"As of now, we have struck more than 1,000 targets, so Hamas should do the math over whether it is worth it or not to agree to a cease-fire," said Israeli Vice Prime Minister Moshe Ya’alon.
"If there is quiet in the south and no rockets and missiles are fired at Israel's citizens, nor terrorist attacks engineered from the Gaza Strip, we will not attack," he wrote on Twitter.
Fifty Palestinians, about half of them civilians, including 14 children, have been killed since the Israeli offensive began, Palestinian officials said. More than 500 rockets fired from Gaza have hit Israel, killing three civilians and wounding dozens of , including a rescue worker who was seriously wounded in Shaar Hanegev in the south on Sunday.
One rocket salvo fired on Sunday also wounded two people after hitting a house in the coastal city of Ashkelon, police said.
A Palestinian official told Reuters the truce discussions would continue in Cairo on Sunday, saying, "There is hope,” but that it was too early to say whether the efforts would succeed.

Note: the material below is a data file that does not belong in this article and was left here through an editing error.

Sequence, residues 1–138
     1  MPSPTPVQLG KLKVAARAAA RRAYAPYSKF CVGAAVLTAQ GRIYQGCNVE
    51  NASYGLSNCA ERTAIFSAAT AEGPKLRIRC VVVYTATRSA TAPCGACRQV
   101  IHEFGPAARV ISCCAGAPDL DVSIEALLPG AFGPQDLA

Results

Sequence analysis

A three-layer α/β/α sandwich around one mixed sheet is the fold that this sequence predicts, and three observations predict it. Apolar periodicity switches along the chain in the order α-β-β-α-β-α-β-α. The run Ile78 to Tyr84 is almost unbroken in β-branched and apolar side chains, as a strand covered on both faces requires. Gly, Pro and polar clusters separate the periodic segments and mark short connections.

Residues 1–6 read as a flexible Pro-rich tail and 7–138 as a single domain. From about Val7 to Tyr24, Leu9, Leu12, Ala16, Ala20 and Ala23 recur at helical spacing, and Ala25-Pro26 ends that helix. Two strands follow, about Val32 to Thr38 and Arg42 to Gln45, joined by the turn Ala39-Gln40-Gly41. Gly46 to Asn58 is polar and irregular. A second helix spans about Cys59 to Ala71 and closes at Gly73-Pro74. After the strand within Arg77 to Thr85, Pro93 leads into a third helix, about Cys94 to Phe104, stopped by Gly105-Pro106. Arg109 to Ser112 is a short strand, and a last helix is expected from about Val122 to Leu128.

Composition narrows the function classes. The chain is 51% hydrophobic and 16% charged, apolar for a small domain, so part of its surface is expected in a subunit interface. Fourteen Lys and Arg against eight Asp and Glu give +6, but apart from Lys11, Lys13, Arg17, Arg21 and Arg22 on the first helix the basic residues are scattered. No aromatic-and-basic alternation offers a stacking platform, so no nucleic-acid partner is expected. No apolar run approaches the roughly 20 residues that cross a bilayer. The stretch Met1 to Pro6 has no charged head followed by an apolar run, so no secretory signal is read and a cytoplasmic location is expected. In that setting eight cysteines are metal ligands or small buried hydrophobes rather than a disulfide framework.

At a Gaza news conference, Hamas military spokesman Abu Ubaida voiced defiance, saying: "This round of confrontation will not be the last against the Zionist enemy, and it is only the beginning."
Hamas said Israeli missiles destroyed the office of Hamas Prime Minister Ismail Haniyeh on Sunday, two days after he met there with Egyptian Prime Minister Hesham Kandil, and struck police headquarters.